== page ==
Comment


                                    #57
                                    Originally posted by SuzieQNutter View Post
                                    The 17 inch is for you, the rider, not the horse. Saddles come in different widths for the horse.

                                    You said the saddle was used on school horses so it did not just sit in a room and not be used for 10 months.

                                    All horses should have their owm saddles fitted to them, ESPECIALLY school horses that usually do a lot more work than owners horses.

                                    Just using any saddle on a horse, so different ones each time it is ridden will end up with a horse with a sore back.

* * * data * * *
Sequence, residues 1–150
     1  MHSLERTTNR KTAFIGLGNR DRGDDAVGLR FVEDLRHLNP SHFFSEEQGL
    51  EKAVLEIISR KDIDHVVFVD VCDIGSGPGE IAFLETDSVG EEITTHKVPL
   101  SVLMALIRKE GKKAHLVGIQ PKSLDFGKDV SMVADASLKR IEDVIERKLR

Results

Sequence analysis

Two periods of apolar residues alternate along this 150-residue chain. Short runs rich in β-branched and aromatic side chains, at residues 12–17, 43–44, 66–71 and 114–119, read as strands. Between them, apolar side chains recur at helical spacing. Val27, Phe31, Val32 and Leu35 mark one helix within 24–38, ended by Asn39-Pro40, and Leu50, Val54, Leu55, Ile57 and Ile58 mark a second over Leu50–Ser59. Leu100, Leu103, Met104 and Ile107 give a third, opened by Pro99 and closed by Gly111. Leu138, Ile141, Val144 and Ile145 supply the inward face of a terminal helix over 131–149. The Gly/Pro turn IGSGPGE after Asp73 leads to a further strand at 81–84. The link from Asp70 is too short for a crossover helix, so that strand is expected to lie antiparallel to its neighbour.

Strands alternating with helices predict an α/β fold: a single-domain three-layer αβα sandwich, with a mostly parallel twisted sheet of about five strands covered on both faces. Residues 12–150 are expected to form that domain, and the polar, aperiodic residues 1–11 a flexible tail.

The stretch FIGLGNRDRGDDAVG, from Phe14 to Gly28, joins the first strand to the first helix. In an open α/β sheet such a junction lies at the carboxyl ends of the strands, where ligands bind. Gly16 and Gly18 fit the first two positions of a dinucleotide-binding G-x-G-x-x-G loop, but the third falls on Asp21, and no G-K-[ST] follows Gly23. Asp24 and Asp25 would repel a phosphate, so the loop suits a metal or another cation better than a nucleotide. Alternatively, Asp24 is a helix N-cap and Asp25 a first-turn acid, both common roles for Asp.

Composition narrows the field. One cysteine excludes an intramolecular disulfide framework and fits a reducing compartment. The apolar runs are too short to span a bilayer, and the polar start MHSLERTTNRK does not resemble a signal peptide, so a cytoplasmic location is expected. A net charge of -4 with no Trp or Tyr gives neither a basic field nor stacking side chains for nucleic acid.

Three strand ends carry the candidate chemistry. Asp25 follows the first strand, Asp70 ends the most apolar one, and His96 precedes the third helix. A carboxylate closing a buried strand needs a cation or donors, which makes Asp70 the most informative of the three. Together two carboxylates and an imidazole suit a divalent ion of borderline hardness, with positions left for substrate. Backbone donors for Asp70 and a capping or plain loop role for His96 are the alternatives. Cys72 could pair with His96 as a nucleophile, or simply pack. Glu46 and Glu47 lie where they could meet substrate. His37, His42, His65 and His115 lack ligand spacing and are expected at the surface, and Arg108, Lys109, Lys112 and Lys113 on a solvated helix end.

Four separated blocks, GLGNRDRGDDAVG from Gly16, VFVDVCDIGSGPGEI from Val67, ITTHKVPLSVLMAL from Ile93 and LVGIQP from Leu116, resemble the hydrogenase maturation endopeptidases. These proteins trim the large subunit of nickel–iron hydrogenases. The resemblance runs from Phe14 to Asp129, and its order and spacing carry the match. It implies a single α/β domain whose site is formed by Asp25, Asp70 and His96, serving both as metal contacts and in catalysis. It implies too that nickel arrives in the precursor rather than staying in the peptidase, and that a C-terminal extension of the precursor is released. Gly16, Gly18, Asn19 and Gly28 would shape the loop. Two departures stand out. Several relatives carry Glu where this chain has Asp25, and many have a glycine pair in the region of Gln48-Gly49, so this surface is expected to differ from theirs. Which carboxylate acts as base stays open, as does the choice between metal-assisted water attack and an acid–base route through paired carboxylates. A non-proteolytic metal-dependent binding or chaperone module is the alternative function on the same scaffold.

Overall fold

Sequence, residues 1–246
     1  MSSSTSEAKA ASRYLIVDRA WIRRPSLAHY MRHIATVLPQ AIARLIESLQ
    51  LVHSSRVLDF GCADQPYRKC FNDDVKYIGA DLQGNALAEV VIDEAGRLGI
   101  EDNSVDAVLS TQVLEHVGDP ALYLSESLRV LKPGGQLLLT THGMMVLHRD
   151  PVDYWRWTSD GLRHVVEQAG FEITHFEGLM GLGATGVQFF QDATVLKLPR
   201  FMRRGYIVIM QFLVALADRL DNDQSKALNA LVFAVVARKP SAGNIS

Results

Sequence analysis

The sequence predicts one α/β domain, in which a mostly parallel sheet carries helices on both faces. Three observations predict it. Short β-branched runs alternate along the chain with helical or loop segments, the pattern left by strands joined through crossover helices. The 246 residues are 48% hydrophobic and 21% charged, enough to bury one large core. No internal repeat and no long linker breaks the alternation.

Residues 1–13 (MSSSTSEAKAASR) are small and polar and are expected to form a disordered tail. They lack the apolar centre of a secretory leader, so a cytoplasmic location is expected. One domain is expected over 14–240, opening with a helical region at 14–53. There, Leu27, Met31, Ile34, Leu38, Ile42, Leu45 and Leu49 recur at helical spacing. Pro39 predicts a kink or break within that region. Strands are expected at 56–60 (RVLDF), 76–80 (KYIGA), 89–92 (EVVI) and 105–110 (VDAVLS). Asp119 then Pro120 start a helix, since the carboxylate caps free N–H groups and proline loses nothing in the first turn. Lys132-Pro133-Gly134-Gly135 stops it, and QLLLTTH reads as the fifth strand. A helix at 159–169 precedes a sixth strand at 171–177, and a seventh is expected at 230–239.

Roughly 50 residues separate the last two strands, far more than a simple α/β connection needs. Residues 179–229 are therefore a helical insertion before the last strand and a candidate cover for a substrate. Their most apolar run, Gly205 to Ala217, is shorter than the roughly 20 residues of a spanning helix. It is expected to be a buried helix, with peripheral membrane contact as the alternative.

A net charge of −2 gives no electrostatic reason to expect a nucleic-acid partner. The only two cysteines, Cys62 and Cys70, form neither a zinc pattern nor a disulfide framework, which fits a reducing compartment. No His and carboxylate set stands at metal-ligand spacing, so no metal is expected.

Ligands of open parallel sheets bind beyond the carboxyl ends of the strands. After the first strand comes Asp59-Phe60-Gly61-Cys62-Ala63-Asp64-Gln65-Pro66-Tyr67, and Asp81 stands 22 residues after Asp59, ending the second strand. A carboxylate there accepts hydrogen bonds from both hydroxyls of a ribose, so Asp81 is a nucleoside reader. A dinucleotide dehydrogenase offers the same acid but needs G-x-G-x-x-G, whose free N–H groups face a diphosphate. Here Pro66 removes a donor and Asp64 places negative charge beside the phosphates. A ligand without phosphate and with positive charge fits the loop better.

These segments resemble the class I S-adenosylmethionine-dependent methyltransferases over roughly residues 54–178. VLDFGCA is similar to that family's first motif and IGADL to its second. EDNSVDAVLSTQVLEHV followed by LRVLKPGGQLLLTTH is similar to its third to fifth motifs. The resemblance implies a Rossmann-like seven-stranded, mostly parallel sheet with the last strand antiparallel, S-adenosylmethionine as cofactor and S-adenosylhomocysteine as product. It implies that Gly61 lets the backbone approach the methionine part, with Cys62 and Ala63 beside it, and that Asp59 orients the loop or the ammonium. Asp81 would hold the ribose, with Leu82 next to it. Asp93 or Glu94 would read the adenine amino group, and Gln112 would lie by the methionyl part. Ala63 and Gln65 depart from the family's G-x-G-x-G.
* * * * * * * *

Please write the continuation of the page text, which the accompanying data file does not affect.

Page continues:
So I recently rode a 16.3 h horse at my trainers. The owner is a 6' tall man. Horse is also ridden by 8 year old 60 pound children. I am 5'3 and 170 pounds. How do you have a single saddle fitted to a lesson horse that is ridden by such a large variety of riders. The owner rides in an 18 in saddle. Do you think an 8 year old is going to do well jumping 2'6" in an 18 inch saddle? I can get away with anything in a 17-18 in range. But that 8 year old needs more like a 16 or 16.5 inch. Does every lesson horse have multiple saddles fitted to them? That is cost prohibitive.

                                    Each lesson horse should have a few saddles that are a decent fit. There should be pads/half pads that can make up the difference. I don't think that each lesson horse needs a perfectly fitted saddle.